by Troy Rudolph, Senior Software Engineer
The market certainly offers many test automation tools for testing in a variety of environments, but there is a relatively new one I particularly like for automated testing in web applications. While Codeception is intended primarily for testing PHP applications, the UI testing tools may also be used to easily create automated tests for web applications, as well.
In Codeception, these tests are referred to as acceptance tests. These tests are based on the notion of Behavior Driven Development (BDD). Essentially, BDD states that tests should be specified in terms of desired behavior. In the case of BDD, the behavior described is that of a user (or tester). To learn more about BDD, I would encourage reading the inventor’s article at http://dannorth.net/introducing-bdd.
A simple test might look like…
- I login
- I go the customer search page.
- I search for customer 314159.
- I go to the customer’s list of transactions
- I issue a refund for transaction 271828.
The Codeception API for acceptance tests takes this kind of thinking and runs with it. The API works at a lower level, of course, because in acceptance testing, we need to manipulate the screen elements to do our work. Here’s how the test above might look when implemented in Codeception.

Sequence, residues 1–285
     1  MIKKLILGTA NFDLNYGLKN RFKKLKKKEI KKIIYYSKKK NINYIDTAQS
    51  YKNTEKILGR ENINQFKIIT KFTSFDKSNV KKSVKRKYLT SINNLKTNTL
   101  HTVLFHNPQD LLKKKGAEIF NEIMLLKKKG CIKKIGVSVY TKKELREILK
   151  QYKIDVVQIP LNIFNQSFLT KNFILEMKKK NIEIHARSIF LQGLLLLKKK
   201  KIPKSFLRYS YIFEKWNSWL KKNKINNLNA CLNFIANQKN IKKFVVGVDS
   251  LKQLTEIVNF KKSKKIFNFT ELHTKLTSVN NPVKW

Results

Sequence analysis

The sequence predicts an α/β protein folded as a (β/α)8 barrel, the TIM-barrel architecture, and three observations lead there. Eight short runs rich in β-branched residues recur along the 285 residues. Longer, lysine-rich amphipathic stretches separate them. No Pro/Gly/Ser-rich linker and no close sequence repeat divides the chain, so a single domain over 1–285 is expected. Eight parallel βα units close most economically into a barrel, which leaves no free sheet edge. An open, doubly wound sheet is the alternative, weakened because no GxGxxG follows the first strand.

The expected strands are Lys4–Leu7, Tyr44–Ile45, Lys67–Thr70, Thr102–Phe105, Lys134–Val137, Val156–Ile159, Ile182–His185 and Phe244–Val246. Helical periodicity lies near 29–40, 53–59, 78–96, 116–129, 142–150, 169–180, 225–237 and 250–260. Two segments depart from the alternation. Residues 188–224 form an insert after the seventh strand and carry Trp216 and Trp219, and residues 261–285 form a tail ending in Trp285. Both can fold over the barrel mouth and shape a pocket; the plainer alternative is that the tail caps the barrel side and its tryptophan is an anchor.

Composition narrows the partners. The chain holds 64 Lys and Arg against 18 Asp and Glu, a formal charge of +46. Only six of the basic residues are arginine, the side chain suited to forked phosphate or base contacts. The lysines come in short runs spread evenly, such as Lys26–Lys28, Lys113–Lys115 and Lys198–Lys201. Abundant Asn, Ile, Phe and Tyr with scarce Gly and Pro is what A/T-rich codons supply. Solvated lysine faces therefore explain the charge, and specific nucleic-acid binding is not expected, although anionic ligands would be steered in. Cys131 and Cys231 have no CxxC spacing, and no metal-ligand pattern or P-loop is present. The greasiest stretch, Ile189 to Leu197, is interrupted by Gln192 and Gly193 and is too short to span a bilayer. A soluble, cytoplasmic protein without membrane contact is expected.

The implementation of the test is indeed at a lower level than the user story, but it is not very different from it. This makes it possible for testers to implement stories more quickly and directly.
Additionally, Codeception can drive your application in a variety of ways.
Codeception is highly functional, reliable, and easy to use. The documentation at Codeception.com continues to improve and is more helpful today with recent changes. The code is open source and has the MIT license, thus it is all free.
So, if you are embarking on a test automation project for a web-based application, give Codeception a try and see if it doesn’t save you both time and effort.